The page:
In the summer of 2021, Jorine has started her BioClock post doc research at the Erasmus MC. This project is a collaboration with BioClock PhD Demy van Gilst and under supervision of dr. Ines Chaves and dr. Marijn Vermeulen and professors Bert van der Horst and Irwin Reiss. The main goal of the project is to improve the rhythms of preterm babies. In the uterus, children are exposed to daily rhythms from the mother mainly. Once they are born but still in hospital care, the environment does not always allow for clear day and night rhythms. With an intervention, Jorine will study whether a clear rhythm in light and darkness or feeding times improves the rhythm of the children at the NICU departments and whether that stimulates their development and strength.
Tell us a little about yourself, who are you, where are you from and what are your hobbies?
Hi, I’m Jorine Roelants, I’m a pediatric resident at the Erasmus MC – Sophia Children’s Hospital in Rotterdam, and I recently started as a postdoctoral researcher. In my spare time I like to do things with my husband an our daughters, Kiki (2.5y) and Jet (1y), to play tennis and to bake.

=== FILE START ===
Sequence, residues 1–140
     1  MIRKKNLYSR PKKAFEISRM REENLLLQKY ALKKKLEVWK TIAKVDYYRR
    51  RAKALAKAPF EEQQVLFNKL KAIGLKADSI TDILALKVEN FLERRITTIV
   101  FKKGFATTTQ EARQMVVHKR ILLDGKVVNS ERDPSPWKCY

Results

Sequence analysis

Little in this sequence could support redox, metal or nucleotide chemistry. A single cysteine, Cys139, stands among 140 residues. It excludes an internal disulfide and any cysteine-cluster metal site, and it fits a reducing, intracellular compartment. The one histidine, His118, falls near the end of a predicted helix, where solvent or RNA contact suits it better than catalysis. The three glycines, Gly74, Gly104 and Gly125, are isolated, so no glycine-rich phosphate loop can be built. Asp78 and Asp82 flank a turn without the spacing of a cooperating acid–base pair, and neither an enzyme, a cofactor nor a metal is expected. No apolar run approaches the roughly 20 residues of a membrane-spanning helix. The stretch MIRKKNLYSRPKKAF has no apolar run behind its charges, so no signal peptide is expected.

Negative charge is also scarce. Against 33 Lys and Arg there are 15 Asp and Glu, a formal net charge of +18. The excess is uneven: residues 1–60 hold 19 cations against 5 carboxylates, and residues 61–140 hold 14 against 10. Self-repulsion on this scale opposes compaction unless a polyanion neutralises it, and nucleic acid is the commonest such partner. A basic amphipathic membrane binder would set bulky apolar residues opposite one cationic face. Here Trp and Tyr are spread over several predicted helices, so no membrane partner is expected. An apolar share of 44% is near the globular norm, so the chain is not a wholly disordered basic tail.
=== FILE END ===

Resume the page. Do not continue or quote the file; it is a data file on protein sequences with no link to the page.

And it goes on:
What is your background?
I studied Medicine in Rotterdam. After obtaining my medical degree I first worked as a pediatric resident. In 2014 I started my PhD on the departments of Neonatology and Obstetrics, on growth and nutrition in pregnancy and after preterm birth. I obtained my PhD degree in December 2017. Then I started my Pediatric Residency. In July I started working as a postdoctoral researcher on the bioclock.
Where will you work on your project and what is your project about?
I will work on workpackage 2.1, which is ‘Promote health and combat disease by strengthening the 24-hour rhythm in the clinic’. This project focuses on improving development and health by strengthening circadian rhythms in early life, with focus on the preterm infant. My specific focus is the intervention trial in which we will investigate the introduction of light/dark cycling during the hospital admission in preterm infants. Moreover, we focus on human milk and the presence of a circadian rhythm in milk composition.
When did you first hear about the biological clock?
During my PhD I first heared about in a research context – but with all the shift work I do, I was long before that acquainted with disruption of the clock.
What is something that people should know about you?
I often bake (or when very bus buy) cookies or cake for meetings. I truly believe that meetings are better when there is something to eat.
To get in touch with Jorine: email@example.com
The BioClock Consortium is funded by the NWA-ORC programme of the Dutch Research Council (NWO; project number 1292.19.077).